A lad changed to a shrub in spring,
the shrub into a shepherd boy,
A fine hair to a lyre string,
snow into snow on hair piled high.
And words turn into question signs,
wisdom and fame to old-age lines,
and strings revert to finest hair,
the boy's transformed into a poet
the poet is transformed once more,
becomes the shrub by which he slept
when he loved beauty till he wept.
Whoever falls in love with beauty
will love it to his dying day,
stagger toward it aimlessly,
beauty has feet of charm and grace
in sandals delicate as lace.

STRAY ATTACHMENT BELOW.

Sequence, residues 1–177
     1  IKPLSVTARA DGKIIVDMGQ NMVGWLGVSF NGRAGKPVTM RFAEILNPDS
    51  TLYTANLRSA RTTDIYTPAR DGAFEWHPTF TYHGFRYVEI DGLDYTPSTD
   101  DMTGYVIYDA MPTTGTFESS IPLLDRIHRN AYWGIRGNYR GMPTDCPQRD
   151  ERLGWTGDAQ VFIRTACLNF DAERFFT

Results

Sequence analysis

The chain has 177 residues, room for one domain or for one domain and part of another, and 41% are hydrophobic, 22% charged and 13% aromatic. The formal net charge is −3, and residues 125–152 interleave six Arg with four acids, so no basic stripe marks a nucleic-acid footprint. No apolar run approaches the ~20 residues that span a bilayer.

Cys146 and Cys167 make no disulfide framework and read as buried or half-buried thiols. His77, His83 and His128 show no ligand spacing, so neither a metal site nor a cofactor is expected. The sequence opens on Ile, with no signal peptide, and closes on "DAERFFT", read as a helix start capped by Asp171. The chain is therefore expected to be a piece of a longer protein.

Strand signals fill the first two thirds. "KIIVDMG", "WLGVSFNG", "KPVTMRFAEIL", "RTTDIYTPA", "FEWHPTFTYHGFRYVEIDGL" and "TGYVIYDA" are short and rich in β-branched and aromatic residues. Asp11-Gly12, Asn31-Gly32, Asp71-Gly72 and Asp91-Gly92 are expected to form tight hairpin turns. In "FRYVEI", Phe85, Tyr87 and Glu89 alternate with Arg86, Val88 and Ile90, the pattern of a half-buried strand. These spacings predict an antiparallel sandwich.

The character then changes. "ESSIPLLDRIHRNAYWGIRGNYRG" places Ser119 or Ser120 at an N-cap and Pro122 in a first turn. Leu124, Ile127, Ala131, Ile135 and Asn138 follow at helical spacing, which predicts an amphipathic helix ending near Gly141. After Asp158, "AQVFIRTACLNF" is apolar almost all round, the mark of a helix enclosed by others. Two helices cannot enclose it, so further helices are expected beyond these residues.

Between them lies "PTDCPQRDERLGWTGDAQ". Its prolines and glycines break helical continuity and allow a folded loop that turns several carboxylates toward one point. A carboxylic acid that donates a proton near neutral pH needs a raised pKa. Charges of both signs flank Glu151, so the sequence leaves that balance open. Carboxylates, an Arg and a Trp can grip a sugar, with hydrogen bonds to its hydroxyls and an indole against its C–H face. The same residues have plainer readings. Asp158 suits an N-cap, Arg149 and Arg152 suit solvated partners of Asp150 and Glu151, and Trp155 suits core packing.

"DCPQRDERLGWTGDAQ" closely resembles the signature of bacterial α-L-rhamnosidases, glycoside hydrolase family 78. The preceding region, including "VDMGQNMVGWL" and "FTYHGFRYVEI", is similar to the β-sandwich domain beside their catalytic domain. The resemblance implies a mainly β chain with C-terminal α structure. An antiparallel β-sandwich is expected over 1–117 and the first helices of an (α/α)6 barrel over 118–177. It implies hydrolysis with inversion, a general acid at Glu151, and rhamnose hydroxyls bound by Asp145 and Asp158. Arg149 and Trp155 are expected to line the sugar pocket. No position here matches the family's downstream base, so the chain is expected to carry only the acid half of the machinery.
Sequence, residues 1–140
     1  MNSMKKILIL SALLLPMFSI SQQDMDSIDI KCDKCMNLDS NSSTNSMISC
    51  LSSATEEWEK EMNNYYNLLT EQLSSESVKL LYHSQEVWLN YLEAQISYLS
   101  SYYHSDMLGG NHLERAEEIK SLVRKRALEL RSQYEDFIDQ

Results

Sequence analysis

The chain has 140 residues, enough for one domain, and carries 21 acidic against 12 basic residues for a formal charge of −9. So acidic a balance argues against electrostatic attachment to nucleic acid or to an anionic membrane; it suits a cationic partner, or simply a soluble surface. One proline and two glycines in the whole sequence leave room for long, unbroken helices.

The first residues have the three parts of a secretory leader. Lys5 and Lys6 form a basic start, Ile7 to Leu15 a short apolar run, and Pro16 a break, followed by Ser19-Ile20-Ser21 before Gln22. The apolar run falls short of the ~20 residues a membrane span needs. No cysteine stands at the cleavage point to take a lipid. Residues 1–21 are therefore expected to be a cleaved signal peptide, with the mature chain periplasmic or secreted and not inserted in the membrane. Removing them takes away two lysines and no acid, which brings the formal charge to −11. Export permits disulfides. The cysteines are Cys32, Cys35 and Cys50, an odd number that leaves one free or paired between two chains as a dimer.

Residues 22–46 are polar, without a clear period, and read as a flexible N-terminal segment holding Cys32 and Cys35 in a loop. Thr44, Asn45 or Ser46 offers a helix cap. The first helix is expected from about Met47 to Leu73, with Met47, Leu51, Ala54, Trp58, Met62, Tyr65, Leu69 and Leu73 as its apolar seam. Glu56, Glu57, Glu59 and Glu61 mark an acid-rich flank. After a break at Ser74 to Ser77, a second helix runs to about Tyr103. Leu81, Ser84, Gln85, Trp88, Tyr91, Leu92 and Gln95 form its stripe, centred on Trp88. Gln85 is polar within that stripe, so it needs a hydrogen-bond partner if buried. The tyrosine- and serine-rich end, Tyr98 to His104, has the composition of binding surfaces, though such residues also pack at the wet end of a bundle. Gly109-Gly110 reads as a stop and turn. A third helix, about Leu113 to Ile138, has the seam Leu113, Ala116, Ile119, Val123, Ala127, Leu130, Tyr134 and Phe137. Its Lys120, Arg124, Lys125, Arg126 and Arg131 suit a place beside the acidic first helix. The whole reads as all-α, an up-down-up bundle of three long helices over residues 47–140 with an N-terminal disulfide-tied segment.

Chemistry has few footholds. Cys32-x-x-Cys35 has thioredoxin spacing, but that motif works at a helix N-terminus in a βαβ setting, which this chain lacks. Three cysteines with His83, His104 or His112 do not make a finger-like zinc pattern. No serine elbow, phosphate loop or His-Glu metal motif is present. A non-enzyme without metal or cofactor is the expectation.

Here Seifert utilizes the metaphor of the shrub in spring (and later an old stick) to discuss the changes from callow youth to something perhaps a bit more mature but certainly not in a pejorative fashion. As I'm turning 40 later this year, I found myself particularly drawn to the third stanza (the final two are not quoted here and can be read by clicking on the link above) and the discussion of beauty within this concept of the aging boy/poet.
Having finished The Poetry of Jaroslav Seifert this afternoon, I cannot help but think he is one of the best 20th century poets, even in translation, and that his 1984 Nobel was well-deserved.